She’s turning me around and round, singsong lemme me touch you down there or I won’t be your friend. I was small and fragile like the antique vases in her parent’s living room, the ones we could lookbutdon’ttouch. We blew kisses into the emptiness and whispered little girl prayers, tugging our pigtails loose and popping pink bubblegum. We twirled and stomped bare feet, transformed into mermaids and unicorns, swearing to never return to our human selves. Shhh, she sang, her hands two sleepy birds cradling me, you don’t want to be a little girl forever.
Lord, have mercy, come on and shake it, so I do, his eyes on my body, a fifteen-year-old body I’m still zipping up every day like a costume, trying to make it fit. Hands pull-push while bloated raindrops plop against the patio glass door. My cat Sheba is meowing to be let inside, a tiny black paw swatting the glass and wiping rain aside, shaking fur, wild eyes locking on mine. He has me pinned, wire-bristle beard scalding my skin. A week ago, Sheba dropped a still-struggling bird on my lap. I screamed and yelled while she skit-scat out the door but now she’s back and I can’t move. Her mouth open-shuts while a siren churns and wails, a stack of storm clouds layering the sky.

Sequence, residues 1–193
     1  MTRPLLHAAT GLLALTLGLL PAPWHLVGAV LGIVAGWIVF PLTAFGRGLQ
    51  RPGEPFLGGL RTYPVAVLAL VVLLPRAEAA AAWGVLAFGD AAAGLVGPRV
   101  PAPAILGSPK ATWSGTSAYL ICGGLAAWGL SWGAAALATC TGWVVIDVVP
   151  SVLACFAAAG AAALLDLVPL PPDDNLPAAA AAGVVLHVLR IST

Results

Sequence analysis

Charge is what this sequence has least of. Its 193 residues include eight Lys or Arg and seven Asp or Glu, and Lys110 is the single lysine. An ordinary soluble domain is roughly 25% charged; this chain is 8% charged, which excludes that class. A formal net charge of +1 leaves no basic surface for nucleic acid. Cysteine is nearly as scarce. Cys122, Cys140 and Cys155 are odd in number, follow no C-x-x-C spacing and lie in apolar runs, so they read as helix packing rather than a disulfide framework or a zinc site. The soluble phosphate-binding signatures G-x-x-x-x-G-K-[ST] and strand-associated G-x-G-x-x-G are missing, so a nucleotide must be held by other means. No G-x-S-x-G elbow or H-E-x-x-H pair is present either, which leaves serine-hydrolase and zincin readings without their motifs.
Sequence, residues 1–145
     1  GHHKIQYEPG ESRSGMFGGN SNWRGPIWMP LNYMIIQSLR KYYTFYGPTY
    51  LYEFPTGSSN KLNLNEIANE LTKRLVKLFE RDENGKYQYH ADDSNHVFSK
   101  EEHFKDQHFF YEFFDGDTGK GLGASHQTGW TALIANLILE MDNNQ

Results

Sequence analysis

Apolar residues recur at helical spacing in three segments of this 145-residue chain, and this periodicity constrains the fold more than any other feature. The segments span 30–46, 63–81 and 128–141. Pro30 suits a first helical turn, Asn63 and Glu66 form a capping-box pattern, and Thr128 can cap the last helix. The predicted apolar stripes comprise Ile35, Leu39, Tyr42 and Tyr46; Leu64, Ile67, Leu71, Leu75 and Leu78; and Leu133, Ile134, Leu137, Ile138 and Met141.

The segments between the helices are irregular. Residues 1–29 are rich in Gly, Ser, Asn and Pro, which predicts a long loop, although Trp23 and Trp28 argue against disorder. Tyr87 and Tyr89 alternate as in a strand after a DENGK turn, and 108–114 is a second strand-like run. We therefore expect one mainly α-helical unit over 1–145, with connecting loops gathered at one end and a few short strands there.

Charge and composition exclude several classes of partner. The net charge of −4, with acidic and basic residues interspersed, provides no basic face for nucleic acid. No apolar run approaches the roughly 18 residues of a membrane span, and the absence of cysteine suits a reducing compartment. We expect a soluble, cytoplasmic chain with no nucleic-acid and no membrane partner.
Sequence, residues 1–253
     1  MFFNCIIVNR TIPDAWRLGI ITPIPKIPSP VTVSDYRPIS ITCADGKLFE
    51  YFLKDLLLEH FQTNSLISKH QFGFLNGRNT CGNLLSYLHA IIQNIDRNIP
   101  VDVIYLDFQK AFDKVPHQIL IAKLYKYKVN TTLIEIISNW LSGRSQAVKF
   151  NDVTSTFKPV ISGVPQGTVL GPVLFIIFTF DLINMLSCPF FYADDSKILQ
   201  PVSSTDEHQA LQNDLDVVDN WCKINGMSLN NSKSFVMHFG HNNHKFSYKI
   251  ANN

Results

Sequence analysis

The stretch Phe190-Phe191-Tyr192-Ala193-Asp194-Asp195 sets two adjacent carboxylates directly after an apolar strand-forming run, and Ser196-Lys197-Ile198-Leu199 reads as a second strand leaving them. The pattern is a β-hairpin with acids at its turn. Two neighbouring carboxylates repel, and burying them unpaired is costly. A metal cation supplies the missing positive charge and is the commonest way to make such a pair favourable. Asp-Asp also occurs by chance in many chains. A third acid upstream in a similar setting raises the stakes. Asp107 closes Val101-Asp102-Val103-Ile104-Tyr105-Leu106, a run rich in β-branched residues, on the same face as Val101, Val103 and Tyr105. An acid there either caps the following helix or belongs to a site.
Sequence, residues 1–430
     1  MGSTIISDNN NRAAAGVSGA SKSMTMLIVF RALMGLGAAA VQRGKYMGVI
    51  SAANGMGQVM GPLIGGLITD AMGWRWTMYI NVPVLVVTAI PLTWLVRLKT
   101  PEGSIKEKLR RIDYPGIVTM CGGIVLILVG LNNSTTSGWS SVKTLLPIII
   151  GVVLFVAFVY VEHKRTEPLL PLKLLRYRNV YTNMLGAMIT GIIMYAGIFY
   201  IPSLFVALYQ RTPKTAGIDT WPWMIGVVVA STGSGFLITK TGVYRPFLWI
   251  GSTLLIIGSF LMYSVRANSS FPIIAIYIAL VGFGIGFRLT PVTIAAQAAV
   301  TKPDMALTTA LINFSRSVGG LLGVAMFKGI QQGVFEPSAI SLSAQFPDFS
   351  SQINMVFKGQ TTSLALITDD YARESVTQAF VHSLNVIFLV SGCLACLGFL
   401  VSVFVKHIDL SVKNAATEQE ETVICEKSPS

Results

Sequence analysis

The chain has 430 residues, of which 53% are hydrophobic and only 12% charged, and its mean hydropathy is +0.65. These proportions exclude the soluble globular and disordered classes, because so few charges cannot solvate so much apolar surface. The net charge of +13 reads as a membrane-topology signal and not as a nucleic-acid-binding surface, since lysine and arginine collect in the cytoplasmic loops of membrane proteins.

Jenny, I Read
Something you said about rock and roll, about life and death, words glued in my mind. So I huff but don’t puff, I drag hard and pass to the left (not the right) and the smoke cloud sits heavy on my chest like my older brother when I was ten, poking at me, calling me bratface. Our skin twitches, we need more, and it’s already been bed time and wake time for two weeks now. I watch an orange sun fall and a red sun bounce from outside the apartment window while a man sits cross-legged on the couch and whispers I can see the red tail lights heading for Spain. My best friend’s in the kitchen with the refrigerator door open, laughing and poking at something wrapped in plastic. Last year, a freshman at our school went missing. She’s my ex’s sister and she isn’t known to run the streets. I see her staring at me from the back bedroom, her eyes small and white. Maddie, Maddie? She’s nodding and curling her fingers. When I follow her into the burning bedroom I understand why the sun shifts from orange to red to orange.